Selling Sex to Radio Program Directors: A Content Analysis of Radio & Records Magazine

Selling Sex to Radio Program Directors: A Content Analysis of Radio & Records Magazine This study was designed to examine whether radio format and musical artists' gender predict sexual content in trade advertisements geared toward radio program directors. Advertisements were coded from one of the leading music trade magazines, Radio & Records magazine, between 2002 and 2003. Results indicated that overall women artists used sexual content in trade advertisements more often and to a greater degree than did men. In some cases, advertisements in radio formats with younger demographic markets, such as pop or hip-hop, also used higher levels of sexual content. It is concluded that the organizational context of the commercial music industry helps to perpetuate status differences between women and men artists, which may then bring about a cognitive bias in the field that promotes women artists' over reliance on using sexual content in trade advertisements. http://www.deepdyve.com/assets/images/DeepDyve-Logo-lg.png Sex Roles Springer Journals

Selling Sex to Radio Program Directors: A Content Analysis of Radio & Records Magazine

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Publisher
Springer Journals
Copyright
Copyright © 2006 by Springer Science + Business Media, Inc.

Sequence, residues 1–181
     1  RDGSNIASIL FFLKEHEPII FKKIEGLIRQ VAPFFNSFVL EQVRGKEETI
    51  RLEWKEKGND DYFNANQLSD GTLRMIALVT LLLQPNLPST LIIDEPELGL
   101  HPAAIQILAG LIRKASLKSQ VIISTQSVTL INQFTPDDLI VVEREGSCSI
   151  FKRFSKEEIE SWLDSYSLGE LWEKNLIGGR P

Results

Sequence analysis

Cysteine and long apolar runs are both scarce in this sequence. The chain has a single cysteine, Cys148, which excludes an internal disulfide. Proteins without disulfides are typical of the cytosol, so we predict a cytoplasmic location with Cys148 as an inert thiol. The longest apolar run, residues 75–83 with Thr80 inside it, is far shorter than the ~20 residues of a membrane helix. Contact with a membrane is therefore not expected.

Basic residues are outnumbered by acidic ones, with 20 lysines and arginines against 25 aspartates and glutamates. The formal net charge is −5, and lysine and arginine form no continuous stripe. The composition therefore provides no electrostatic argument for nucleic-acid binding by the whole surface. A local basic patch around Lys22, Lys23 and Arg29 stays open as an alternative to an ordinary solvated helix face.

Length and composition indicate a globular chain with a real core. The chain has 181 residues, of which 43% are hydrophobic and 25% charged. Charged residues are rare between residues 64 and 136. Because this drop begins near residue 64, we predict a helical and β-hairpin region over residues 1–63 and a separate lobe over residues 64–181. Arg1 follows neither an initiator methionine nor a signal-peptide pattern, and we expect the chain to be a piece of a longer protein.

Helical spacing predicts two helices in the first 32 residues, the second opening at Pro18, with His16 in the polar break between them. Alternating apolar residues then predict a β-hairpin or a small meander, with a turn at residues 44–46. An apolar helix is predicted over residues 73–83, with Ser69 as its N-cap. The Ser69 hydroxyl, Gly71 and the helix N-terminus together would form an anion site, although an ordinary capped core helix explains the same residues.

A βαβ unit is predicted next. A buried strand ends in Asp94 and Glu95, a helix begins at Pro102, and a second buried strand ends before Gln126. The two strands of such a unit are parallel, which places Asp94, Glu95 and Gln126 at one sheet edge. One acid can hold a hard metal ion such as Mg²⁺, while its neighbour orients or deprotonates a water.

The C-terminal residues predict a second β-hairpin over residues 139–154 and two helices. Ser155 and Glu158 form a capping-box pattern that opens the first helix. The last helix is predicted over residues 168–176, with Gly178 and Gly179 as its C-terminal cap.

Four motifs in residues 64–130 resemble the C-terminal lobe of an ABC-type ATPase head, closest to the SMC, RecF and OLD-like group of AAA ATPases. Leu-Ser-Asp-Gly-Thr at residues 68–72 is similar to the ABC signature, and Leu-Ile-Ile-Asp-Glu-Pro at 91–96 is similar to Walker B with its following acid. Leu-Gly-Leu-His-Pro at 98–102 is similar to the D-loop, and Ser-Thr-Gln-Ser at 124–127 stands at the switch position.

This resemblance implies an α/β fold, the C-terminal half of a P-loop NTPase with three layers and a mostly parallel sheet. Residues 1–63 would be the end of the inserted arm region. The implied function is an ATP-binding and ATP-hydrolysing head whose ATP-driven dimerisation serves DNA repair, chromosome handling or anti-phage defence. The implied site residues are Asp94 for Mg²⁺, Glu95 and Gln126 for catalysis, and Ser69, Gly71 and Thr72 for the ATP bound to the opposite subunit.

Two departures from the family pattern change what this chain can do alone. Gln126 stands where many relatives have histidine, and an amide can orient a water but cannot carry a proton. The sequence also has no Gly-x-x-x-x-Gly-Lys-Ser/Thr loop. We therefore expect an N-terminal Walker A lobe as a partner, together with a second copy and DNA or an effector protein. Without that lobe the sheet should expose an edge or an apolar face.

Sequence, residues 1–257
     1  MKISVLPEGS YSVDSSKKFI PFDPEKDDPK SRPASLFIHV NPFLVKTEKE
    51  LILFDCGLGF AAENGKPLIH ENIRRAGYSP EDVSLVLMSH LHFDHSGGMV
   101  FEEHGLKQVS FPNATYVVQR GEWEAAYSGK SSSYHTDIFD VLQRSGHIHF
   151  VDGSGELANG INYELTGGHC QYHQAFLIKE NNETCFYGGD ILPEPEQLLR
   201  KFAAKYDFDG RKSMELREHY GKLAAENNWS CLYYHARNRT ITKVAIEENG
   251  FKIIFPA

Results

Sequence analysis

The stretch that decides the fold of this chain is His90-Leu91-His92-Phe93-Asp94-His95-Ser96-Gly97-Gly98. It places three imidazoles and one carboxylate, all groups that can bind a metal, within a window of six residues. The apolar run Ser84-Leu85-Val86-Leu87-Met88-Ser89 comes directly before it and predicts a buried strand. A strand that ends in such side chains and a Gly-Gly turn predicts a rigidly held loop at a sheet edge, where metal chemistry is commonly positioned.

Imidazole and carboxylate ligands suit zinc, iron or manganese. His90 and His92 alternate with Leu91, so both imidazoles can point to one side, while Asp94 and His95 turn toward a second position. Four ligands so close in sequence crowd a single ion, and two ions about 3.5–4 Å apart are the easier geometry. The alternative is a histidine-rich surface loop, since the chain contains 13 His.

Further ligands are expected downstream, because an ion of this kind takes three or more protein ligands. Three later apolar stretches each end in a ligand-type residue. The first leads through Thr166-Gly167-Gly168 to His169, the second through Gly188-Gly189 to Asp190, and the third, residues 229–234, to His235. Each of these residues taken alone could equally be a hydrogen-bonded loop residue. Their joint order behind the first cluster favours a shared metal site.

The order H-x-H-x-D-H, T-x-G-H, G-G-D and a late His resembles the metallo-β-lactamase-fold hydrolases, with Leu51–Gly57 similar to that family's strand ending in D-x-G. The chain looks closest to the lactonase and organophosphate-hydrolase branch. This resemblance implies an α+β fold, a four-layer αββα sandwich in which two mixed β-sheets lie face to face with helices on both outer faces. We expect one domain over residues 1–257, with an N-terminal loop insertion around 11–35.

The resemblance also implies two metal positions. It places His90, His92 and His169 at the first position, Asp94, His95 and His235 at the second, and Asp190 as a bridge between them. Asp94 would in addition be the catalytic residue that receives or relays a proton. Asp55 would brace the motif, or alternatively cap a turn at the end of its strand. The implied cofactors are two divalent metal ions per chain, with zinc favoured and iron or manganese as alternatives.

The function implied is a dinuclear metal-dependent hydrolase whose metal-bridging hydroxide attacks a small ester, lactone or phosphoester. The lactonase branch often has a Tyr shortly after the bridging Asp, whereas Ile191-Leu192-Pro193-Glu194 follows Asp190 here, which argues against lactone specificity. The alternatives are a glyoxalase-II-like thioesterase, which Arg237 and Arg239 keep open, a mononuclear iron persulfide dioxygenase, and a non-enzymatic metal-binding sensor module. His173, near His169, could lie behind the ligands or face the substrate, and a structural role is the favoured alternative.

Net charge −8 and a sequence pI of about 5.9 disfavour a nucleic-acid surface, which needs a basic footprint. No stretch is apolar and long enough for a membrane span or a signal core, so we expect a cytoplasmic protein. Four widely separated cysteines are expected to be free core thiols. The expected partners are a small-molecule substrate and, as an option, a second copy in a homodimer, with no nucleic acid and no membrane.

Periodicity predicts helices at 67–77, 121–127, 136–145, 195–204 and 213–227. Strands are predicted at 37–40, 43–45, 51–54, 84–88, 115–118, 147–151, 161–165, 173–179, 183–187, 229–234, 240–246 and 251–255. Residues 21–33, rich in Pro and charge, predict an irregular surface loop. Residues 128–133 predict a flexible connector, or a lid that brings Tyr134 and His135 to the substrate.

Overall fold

Subject
Psychology; Gender Studies; Sociology, general; Medicine/Public Health, general
ISSN
0360-0025
eISSN
1573-2762
D.O.I.
10.1007/s11199-006-9033-z
Publisher site
See Article on Publisher Site

Abstract

This study was designed to examine whether radio format and musical artists' gender predict sexual content in trade advertisements geared toward radio program directors. Advertisements were coded from one of the leading music trade magazines, Radio & Records magazine, between 2002 and 2003. Results indicated that overall women artists used sexual content in trade advertisements more often and to a greater degree than did men. In some cases, advertisements in radio formats with younger demographic markets, such as pop or hip-hop, also used higher levels of sexual content. It is concluded that the organizational context of the commercial music industry helps to perpetuate status differences between women and men artists, which may then bring about a cognitive bias in the field that promotes women artists' over reliance on using sexual content in trade advertisements.

Journal

Sex RolesSpringer Journals

Published: Oct 13, 2006

References

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